With performance, test, benchmark and be ready to back out
So we did that, we took all the places in our code where we were doing something with Jint and moved them to Jurrasic. Of course, that isn’t nearly as simple as it sounds. We have a lot of places like that, and a lot of already existing code. But we also took the time to do this properly, of making sure that there is a single namespace that is aware of JS execution in RavenDB and hide that functionality from the rest of the code.
Now, one of the things that we do with the scripts we execute is expose to them both functions that they can call and documents to look at and mutate. Consider the following patch script:
This is on a customer document that may be pretty big, as in, tens of KB or higher. We don’t want to have to serialize the whole document into the JS environment and then serialize it back, that road lead to a lot of allocations and extreme performance costs. No, already with Jint we have implemented a wrapper object that we expose to the JS environment that would do lazy evaluation of just the properties that were needed by the script and track all changes so we can reserialize things more easily.
Moving to Jurassic had broken all of that, so we have to re-write it all. The good thing is that we already knew what we wanted, and how we wanted to do it, it was just a matter for us to figure out how Jurassic allows it. There was an epic coding montage (see image on the right) and we got it all back into working state.
After a lot of time, we had everything stable enough so we could now test RavenDB with the new JS engine. The results were… abysmal. I mean, truly and horribly so.
And even if you have missing properties along the way, the result will be null, and not an error, like normal. That requires quite deep integration with the engine in question and lead to some tough questions about the meaning of the universe and the role of keyboards in our life versus the utility of punching bugs (not a typo).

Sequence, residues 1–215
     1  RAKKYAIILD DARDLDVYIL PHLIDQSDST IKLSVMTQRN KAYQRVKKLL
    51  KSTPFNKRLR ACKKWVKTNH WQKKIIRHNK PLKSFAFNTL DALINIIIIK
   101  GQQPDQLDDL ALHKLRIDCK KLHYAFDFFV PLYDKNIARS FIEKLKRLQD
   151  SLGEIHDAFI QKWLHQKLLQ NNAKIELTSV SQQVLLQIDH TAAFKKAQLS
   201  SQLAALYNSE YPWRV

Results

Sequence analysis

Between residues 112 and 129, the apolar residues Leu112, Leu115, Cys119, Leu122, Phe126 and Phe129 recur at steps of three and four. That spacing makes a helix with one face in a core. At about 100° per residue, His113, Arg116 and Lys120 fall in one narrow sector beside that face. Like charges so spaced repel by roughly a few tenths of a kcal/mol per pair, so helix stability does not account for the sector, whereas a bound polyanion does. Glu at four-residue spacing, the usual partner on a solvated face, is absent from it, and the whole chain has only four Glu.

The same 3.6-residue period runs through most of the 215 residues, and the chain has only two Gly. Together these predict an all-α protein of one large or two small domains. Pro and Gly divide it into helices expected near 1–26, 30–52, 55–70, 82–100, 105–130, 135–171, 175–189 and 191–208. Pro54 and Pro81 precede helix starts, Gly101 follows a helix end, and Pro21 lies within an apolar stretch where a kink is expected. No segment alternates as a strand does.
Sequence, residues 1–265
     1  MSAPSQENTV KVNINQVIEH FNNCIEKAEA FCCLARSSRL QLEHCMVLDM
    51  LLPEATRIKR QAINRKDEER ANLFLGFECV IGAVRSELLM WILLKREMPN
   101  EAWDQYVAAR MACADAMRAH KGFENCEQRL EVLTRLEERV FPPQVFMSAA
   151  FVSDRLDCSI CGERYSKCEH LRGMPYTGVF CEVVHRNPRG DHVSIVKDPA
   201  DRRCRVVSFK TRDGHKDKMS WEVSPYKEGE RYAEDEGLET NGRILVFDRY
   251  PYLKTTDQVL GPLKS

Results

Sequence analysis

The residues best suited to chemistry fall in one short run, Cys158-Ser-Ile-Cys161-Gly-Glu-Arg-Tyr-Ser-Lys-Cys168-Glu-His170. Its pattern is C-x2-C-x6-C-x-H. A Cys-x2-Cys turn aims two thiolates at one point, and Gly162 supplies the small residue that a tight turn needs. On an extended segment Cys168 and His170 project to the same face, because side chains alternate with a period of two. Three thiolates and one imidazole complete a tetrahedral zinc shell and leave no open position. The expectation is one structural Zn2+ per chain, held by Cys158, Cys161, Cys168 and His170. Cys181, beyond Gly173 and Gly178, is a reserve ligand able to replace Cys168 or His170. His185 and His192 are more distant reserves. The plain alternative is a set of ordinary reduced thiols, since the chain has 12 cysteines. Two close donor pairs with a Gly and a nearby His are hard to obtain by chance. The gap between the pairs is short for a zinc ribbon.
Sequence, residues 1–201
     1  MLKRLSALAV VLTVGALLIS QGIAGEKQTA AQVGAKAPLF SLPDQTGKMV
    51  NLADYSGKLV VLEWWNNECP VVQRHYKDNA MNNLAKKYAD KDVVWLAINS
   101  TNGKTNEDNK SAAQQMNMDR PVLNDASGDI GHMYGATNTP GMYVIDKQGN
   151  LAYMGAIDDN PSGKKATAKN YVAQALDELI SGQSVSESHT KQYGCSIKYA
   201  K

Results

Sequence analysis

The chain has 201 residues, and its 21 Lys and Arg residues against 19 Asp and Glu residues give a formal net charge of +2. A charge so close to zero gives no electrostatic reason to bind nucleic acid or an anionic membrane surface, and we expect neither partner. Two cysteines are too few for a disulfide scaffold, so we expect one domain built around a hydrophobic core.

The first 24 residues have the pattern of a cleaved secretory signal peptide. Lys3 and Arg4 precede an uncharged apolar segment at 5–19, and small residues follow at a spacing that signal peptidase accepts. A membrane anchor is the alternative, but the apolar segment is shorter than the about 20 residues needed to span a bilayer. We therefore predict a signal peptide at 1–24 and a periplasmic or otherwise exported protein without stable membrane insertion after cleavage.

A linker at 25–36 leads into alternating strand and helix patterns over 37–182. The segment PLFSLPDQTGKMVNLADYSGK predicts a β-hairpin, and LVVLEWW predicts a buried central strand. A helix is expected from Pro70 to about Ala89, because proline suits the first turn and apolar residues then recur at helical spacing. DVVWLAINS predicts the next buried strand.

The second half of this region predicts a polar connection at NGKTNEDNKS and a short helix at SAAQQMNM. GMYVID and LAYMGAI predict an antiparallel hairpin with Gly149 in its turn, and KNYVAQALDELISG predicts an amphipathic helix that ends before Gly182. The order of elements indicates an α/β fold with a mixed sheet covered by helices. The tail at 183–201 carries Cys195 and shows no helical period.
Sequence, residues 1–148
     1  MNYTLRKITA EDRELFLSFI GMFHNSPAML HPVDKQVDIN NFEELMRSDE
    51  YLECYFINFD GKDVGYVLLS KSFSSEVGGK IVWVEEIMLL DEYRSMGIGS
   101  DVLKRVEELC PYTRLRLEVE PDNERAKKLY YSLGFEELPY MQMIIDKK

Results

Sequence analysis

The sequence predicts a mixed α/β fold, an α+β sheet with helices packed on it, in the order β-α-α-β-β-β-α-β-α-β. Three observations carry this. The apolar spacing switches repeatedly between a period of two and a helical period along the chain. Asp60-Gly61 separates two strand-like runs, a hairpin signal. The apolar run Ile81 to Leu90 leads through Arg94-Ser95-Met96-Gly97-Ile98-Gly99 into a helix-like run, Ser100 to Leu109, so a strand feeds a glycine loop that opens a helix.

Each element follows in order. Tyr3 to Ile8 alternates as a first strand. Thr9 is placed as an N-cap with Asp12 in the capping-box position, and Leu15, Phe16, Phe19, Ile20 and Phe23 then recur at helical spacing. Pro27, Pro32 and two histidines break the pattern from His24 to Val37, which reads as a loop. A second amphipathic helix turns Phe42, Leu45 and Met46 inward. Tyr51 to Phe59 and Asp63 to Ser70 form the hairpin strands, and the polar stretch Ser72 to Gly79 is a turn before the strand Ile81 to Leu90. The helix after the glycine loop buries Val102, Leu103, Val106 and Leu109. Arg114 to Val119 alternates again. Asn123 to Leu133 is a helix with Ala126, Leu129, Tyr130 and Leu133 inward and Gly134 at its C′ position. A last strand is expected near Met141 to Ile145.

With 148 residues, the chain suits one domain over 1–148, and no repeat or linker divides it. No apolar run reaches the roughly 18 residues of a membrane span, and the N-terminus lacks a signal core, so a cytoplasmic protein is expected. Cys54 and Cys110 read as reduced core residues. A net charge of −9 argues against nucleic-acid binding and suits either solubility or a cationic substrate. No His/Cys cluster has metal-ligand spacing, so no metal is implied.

Ouch, painful to discover that at the end of the process. At least you got a good refactoring out of it.
With regards to the new Jint, ES6 features like arrow functions would be very much welcomed, both for the ease of writing them and the "this" capturing.
Sidenote: I had no idea you could do user.Address.City.Street.Number.StopAlready in patches. I just tried it in 3.5 Studio and sure enough it works, heh. I'm unsure whether to rely on that, though; I've always just used standard JS in my patches.
Judah, Yes, that was painful. I might give arrow functions a try when I have a free weekend, right now I realized that I'm looking into variable name resolution inside JS functions, and that is scary enough.
This is also show our indexes work in C#, you can do the same in the index, and it will not throw. This is really important for schema free db. That isn't something you can generally rely on, and many users will likely go with the standard approach, but this give us better behavior for the common scenario. In particular when you look at the actual query as in the previous post. Try imagining needing to pull a value from two levels down and doing that with null checking.